Gauging Appropriate Care for Older Breast Cancer Patients

Arti Hurria, MD; Kathy D. Miller, MD


April 07, 2017

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Kathy D. Miller, MD: Hi. I am Kathy Miller, professor of medicine at the Indiana University School of Medicine in Indianapolis. Welcome to Medscape Oncology Insights from the 2016 San Antonio Breast Cancer Symposium (SABCS).

We are all getting older, and that means that our patients are getting older. Newly diagnosed patients are older and our patients who are surviving are living longer. That gives us the privilege of caring for a growing population of older breast cancer patients, along with the challenge of identifying the unique needs of these patients and providing optimal care. This has been a longtime concern of my next guest, Dr Arti Hurria. Dr Hurria is professor of medical oncology and director of the Cancer and Aging Research Program at the City of Hope Comprehensive Cancer Center in Duarte, California. Welcome, Arti.

Arti Hurria, MD: Thank you. It is an honor to be here.

Dr Miller: How did you first get interested in the older patient?

Dr Hurria: I have always loved the idea of taking care of someone throughout a lifetime, and there is nothing like being able to care for someone throughout their aging process. With cancer being a disease associated with aging, it was a natural fit for me to train in geriatrics and oncology.

At times, age can be a barrier that we want to look beyond as we evaluate that patient.

Dr Miller: There are some topics that are a little challenging to bring up with women: age and weight. How do you approach the topic of age with those older patients you are seeing?

Dr Hurria: I have found that they actually understand that they are aging. They really want the best treatment and they want that treatment to be individualized. If age needs to be a part of that factor, they want me to be thinking about it. More importantly, they want to be thought of independent of their chronologic age. They want us to look at them based upon what their functioning is, how they are in their daily lives. At times, age can be a barrier that we want to look beyond as we evaluate that patient. Our patients want that too.

Assessing Functional Age in the Older Patient

Dr Miller: I hear a lot of people talk about chronologic age versus physiologic age. Age is certainly not just a number. How do we really evaluate the fitness or the functional status of our patients?

Dr Hurria: That is a wonderful question. This is really what geriatricians focus on every day. The idea behind geriatrics is to really understand what the functional age is of the patient. Geriatricians do something called a geriatric assessment to try to understand what factors other than age predict someone's risk for morbidity or mortality from a certain outcome. They are asking things like, "What is their function? What are their other medical problems? What is their cognition? What is their social support, their psychological state, and their nutritional status?" It is really taking this very comprehensive look at who an older individual is and then utilizing that as a part of the decision-making process.

Dr Miller: I can hear a lot of our listeners in a busy practice thinking, "I have 30 minutes to see a patient and maybe a luxurious 60 minutes for a new patient. I am not trained in geriatrics and do not have a geriatrician in my area. That is a lovely idea, but how do I do that?"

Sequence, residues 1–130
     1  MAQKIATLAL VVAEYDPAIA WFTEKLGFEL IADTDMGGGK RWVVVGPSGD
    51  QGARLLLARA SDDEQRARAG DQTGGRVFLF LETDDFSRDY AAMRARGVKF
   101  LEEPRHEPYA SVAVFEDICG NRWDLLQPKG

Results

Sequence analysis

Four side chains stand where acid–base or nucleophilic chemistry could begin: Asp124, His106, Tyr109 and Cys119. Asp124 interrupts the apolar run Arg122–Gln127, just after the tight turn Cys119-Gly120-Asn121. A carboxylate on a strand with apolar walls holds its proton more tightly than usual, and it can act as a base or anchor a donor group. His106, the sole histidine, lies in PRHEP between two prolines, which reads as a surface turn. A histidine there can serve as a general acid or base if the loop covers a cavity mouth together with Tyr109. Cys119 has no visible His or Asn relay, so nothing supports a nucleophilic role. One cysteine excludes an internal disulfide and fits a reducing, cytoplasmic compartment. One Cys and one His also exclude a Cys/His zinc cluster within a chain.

We now have a geriatric assessment tool that can be completed primarily by the patient.

Dr Hurria: This is the great news. We have spent the past decade and a half trying to figure that out for oncologists. I completely understand because I trained in geriatrics and then went into a fellowship at Memorial Sloan Kettering, where the volume of patients is very, very high. The key is that if we are going to incorporate this new oncology practice, we need to make these tools feasible. That is really what we have worked on developing. We now have a geriatric assessment tool that can be completed primarily by the patient—very little healthcare provider time is needed. Our data have shown that the vast majority of older adults can do this on their own. A patient can even complete it at home and give you a printout and a summary of the information. This is on the Cancer and Aging Research Group website.

We have also figured out how to do it within the clinic, using iPads. I am at a comprehensive cancer center where I am the only geriatrician. We have patients complete the assessment on the iPad, and we have programmed it now so that the results can be available for the oncologist when we see the patient.

Dr Miller: How long does it take the average patient to complete the survey, whether they are doing it with good old-fashioned pencil and paper or on an iPad? What sort of questions does it ask?

Dr Hurria: It takes less than half an hour to answer all the questions and even less than that for those who are very fit and functional.

Dr Miller: Maybe one test could be a measurement of how long it takes them to do the assessment?

Dr Hurria: Actually, that would probably be a great cognitive test. We have not specifically looked at that, but I think it is something that we should look at for the outliers. The questions, Kathy, are really practical and have direct implications for cancer treatment. They are things like, "Can you do your shopping? Can you take transportation? How are you going to get to the hospital if you have fever and neutropenia in the middle of the night? Can you manage your finances?" People hold onto their ability to manage their finances to the very end. The minute they give that up, you have to start wondering whether there is a problem with calculation or memory in some way. It opens a door to just exploring those things.

There are simpler tools. The practicing oncologist wants to know, "Can I predict who is going to have severe side effects from my treatment?" That is really what they need to know, and they need to know it relatively quickly, as they are making a treatment decision.

Predicting Life Expectancy

Dr Miller: I think they also want to know, independent of the cancer, how long this person might otherwise be expected to survive. As that time gets shorter and shorter, the concern about toxicity gets greater. You have to start wondering, is this someone I should be treating even if I think I could treat them safely?

Dr Hurria: You are a geriatrician at heart, I have to say. The questions you have just asked are so wonderful. There are super-easy tools for both of these. Let me first start with that.